John Snow: The London Cholera Epidemic of 1854
By Scott Crosier

Back to Classics


John Snow (1813-1858) was educated at a private school until, at the age of fourteen, he was apprenticed to a surgeon living at Newcastle-on-Tyne. After serving as a colliery surgeon and unqualified assistant during the London Cholera epidemic of 1831-2, he became a student at the Huntierian School of Medicine in Great Windmill Street, London. After two years of schooling, he was accepted a member of the Royal College of Surgeons of England. He graduated M.D. of the University of London in 1844.

In 1849 Snow published a small pamphlet "On the Mode of Communication of Cholera" where he proposed that the "Cholera Poison" reproduced in the human body and was spread through the contamination of food or water. This theory was opposed to the more commonly accepted idea that Cholera, like all diseases, was transmitted through inhalation of contaminated vapors. Although he was awarded for this work, without the technology and knowledge that we have today, Snow had no way to prove his theory.


It wasn't until 1854, when Cholera struck England once again, that Snow was able to legitimate his argument that Cholera was spread through contaminated food or water. Snow, in investigating the epidemic, began plotting the location of deaths related to Cholera (see illustration). At the time, London was supplied its water by two water companies. One of these companies pulled its water out of the Thames River upstream of the main city while the second pulled its water from the river downstream from the city. A higher concentration of Cholera was found in the region of town supplied by the water company that drew its water form the downstream location. Water from this source could have been contaminated by the city's sewage. Furthermore, he found that in one particular location near the intersection of Cambridge and Broad Street, up to 500 deaths from Cholera occurred within 10 days.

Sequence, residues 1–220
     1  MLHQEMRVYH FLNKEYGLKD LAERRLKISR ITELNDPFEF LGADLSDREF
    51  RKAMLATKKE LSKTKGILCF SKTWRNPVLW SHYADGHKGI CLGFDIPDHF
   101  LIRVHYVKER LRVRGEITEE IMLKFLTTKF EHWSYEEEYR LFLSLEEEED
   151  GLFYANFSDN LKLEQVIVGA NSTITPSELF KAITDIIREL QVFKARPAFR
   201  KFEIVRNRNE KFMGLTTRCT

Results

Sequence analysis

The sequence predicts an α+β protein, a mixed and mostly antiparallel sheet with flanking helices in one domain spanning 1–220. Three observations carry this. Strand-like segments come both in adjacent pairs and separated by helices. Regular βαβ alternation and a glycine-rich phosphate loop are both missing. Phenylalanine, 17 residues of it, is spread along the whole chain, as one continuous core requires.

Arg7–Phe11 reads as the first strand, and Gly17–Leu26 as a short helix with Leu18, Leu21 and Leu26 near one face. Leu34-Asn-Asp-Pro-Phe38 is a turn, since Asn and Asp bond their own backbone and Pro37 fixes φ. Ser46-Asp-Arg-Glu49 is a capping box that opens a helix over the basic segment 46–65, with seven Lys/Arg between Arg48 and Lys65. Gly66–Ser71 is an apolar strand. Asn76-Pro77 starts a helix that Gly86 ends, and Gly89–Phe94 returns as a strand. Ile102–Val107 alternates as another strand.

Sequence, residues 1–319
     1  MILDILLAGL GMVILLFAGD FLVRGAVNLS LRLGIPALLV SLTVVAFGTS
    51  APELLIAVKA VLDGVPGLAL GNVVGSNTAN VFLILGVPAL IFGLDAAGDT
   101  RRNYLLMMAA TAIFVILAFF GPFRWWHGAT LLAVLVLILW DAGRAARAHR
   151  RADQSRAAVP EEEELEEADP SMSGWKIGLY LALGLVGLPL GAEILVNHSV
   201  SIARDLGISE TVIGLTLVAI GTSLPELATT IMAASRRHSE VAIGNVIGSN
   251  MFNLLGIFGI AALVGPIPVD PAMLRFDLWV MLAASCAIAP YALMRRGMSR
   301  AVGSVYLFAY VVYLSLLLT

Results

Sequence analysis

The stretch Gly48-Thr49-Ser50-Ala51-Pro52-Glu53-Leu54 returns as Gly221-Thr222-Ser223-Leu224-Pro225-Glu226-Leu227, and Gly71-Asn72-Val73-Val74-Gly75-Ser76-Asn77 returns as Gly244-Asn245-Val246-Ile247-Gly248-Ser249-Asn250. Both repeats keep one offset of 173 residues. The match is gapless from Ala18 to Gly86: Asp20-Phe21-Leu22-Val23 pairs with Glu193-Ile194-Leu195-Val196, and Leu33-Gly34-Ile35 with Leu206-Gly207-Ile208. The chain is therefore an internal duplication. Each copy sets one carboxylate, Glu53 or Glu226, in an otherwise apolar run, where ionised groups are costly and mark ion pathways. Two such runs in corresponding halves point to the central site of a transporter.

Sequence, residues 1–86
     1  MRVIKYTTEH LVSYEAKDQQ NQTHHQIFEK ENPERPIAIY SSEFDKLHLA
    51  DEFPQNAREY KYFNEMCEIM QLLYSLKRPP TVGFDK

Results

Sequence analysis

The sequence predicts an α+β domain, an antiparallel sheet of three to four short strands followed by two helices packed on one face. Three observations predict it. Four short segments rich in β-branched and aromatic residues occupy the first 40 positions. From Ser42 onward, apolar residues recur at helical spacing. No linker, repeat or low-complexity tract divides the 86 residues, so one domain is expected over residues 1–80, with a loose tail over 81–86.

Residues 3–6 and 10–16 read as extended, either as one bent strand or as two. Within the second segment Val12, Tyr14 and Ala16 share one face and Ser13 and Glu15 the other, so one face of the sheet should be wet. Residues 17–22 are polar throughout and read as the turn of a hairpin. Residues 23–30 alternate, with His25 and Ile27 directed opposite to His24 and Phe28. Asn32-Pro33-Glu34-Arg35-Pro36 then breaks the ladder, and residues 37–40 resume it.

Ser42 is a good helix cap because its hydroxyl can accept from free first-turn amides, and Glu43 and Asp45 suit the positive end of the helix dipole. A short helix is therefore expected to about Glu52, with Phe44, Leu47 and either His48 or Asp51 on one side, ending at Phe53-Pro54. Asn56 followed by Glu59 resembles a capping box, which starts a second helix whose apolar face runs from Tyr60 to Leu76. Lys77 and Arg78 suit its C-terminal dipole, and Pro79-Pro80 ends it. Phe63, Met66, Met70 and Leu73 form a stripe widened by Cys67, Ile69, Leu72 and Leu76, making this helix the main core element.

After the panic-stricken officials followed Snow's advice to remove the handle of the Broad Street Pump that supplied the water to this neighborhood, the epidemic was contained. Through mapping the locations of deaths related to Cholera, Snow was able to pinpoint one of the major sources of causation of the disease and support his argument relating to the spread of Cholera.

Snow's classic study offers one of the most convincing arguments of the value of understanding and resolving a social problem through the use of spatial analysis. Nonetheless, there is some controversy regarding whether Snow made the map prior to or after the removal of the pump handle and about the timing of this removal relative to the temporal pattern of cholera deaths.

While mapping has become a standard research approach in medical geography and epidemiology, today's researchers express the incidence of disease as a rate relative to the population or to the population within age cohorts (e.g., deaths per 1,000 population) so as to factor out the influence of population density. Using such refinements to the methods employed by Snow, mapping and spatial statistical techniques assist medical practitioners in understanding the diffusion and spread of diseases within communities and across the globe.  


Link to bigger cholera map.
This is a portion of the original map created by Dr. John Snow.  Through plotting the deaths (signified by a line parallel to the building front in which the people died), Dr. Snow was able to trace the spread of Cholera to the pump at the corner of Cambridge and Broad Street. Click the image to view a bigger area.


Snow on Cholera, New York: The Commonwealth Fund: Oxford University Press. 1936.

On the Mode of Communication of Cholera, 8vo, London, 1849 ; 2nd ed. 1855.

Related Works

Snow's Cholera Map
John Snow Info
John Snow - A Historical Giant in Epidemiology's Page on John Snow


Copyright © 2001-2006 by Regents of University of California, Santa Barbara,
Page Author: Scott Crosier